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Sushi for the Driven Soul

I love Netflix. If you haven’t gathered that from a few of my previous posts, it bears repeating. You can find entertainment, education, and nearly everything in between.

Recently I watched a documentary called Jiro Dreams of Sushi. Yes, it is about a man who makes sushi for a living, but it had an unexpected impact on me.


Jiro is 85 years old, and has been making sushi nearly his entire life. He also has no plans to retire (at least at the time of the filming). Through the course of the movie, we learn about Jiro’s restaurant and the hard work all of his employees must endure to complete an apprenticeship. If you want to be able to say you studied under Jiro, you must complete a minimum of 10 years as his apprentice. During the first year, an apprentice must learn to handle the hot towels given to customers to clean their hands. Until you can handle the towels without burning your hands, you can not handle the fish. This is serious business.

Jiro’s restaurant seats only 10 people, requires reservations made months in advance, and the prices start at $300 a person for a culinary experience. He was awarded 3 Michelin stars because apparently that was the only award appropriate for his restaurant. Japan has named him a national treasure, for pete’s sake!

What makes this man so remarkable is his perspective on his career. In very mild, understated language, he explains that once you choose a career, you should strive to be the very best at that profession. He never ceases to study technique and analyze what he does to make an even better experience for his customers. When you eat at his restaurant, he notices whether you are right- or left-handed, and adjusts how he serves you accordingly. All this for sushi!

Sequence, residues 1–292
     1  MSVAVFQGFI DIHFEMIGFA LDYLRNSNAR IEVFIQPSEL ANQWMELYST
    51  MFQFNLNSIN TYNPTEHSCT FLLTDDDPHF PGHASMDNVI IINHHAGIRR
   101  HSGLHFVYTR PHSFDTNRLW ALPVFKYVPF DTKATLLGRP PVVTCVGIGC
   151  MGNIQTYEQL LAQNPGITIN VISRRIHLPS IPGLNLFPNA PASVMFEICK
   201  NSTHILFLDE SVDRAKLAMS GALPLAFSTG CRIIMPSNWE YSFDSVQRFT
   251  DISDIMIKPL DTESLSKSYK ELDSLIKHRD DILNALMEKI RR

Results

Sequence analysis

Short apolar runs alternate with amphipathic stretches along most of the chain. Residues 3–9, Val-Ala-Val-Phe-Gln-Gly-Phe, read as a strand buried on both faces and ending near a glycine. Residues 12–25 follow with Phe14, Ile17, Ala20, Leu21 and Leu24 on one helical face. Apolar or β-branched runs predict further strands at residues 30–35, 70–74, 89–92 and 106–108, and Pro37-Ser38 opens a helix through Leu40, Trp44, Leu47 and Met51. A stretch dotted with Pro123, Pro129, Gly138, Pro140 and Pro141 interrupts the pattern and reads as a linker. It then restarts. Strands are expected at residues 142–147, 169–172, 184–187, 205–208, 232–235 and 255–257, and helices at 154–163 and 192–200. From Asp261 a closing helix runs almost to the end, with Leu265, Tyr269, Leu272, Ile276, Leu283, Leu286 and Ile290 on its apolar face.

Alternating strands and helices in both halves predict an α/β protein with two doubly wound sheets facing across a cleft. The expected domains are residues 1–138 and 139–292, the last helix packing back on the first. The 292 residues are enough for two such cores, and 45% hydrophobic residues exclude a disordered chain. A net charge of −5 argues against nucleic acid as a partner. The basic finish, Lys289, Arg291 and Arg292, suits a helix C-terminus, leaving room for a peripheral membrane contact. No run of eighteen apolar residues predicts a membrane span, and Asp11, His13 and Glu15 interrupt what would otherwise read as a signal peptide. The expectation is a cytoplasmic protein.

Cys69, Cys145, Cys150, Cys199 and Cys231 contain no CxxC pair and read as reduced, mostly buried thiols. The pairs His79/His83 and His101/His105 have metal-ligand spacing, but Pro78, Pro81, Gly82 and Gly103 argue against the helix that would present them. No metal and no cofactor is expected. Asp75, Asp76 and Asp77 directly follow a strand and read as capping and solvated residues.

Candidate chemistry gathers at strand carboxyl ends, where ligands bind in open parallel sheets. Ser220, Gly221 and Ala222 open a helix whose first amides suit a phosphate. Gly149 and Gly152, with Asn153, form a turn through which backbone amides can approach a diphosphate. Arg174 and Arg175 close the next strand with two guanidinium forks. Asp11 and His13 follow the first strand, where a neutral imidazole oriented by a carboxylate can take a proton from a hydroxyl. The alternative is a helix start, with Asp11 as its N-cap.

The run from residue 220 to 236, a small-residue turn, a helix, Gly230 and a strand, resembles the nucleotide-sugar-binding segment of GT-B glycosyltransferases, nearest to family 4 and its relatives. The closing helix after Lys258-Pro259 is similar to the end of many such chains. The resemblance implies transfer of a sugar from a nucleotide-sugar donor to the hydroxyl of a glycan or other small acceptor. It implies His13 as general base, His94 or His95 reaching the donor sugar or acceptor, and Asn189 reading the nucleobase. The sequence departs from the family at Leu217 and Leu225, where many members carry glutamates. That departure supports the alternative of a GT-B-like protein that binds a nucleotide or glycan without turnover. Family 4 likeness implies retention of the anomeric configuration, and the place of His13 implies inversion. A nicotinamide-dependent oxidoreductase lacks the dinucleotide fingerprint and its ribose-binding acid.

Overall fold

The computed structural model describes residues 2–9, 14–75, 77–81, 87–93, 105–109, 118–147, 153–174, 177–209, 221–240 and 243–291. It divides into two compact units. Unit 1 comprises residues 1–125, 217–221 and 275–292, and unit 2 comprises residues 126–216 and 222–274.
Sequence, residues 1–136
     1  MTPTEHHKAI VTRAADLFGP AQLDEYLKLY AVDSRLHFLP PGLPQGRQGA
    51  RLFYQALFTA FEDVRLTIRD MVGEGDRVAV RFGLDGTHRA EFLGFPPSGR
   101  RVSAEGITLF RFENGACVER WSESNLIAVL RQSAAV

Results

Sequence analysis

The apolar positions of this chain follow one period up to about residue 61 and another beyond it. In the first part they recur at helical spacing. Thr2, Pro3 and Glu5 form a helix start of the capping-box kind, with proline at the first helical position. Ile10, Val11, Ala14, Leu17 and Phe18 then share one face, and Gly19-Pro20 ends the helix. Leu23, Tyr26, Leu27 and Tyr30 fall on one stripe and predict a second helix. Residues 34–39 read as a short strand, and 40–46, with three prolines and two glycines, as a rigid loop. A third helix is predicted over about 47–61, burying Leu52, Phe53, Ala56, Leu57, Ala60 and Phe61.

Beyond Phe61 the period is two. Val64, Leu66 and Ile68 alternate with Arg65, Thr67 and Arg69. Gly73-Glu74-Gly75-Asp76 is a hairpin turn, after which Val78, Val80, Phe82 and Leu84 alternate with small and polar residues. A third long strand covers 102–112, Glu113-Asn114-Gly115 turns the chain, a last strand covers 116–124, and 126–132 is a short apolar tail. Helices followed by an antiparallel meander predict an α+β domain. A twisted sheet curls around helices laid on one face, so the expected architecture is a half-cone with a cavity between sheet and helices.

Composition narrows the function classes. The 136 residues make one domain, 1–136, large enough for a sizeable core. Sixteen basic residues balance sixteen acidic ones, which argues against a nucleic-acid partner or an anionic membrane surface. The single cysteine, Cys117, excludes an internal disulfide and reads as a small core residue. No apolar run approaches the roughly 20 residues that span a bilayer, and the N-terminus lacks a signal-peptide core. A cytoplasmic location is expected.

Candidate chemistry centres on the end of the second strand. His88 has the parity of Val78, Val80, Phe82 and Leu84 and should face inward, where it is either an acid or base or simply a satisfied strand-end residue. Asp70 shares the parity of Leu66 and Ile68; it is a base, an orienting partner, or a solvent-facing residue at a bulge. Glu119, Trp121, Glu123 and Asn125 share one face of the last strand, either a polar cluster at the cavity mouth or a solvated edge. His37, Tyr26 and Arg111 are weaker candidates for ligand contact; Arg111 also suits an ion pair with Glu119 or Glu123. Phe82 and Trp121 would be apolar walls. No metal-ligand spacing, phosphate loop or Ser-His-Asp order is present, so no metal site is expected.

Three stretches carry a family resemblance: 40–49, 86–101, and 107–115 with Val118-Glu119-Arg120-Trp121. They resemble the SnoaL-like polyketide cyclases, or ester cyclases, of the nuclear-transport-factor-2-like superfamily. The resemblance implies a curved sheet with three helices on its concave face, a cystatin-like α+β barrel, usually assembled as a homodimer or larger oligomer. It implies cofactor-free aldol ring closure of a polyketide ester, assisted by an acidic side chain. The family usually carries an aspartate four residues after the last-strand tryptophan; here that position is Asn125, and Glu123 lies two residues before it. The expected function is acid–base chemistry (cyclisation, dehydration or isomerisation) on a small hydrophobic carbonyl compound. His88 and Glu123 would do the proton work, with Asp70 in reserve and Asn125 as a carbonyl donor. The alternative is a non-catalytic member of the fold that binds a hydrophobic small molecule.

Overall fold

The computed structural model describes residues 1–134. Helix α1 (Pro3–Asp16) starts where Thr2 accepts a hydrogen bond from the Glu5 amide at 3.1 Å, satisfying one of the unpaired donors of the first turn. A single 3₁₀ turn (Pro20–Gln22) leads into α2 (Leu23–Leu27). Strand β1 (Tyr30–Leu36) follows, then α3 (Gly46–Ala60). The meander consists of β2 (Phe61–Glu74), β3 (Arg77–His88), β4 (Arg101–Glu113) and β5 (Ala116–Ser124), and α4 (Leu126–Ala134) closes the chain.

He passion isn’t contained to the restaurant. It affects all those who work with him indirectly as well. When his oldest son travels to the fish market each morning, his goal is to bring back only the best seafood possible. As Jiro’s son describes it, each vendor they work with is an expert in his own field. If they choose to work with a tuna vendor, it is because he is an expert in his trade. The vendors at the market respect Jiro so much, occasionally they will not sell fish to his son because they know what they have that day is not high enough quality for Jiro’s standards.

Jiro says he has never complained about his job, because it is what he chose to do and he is happy doing it.

What an amazing man. He made a choice, pursued a dream, and continues to aim for higher and higher standards. He is never complacent in his success. Even though my dream is not to make sushi, I would like to be more like this man. When I am 85 years old, I want to be able to say I attempted to be the best in my field. I want to be able to say that even after all those years I’m still happy with my career.

Those decisions start now. What is your passion?

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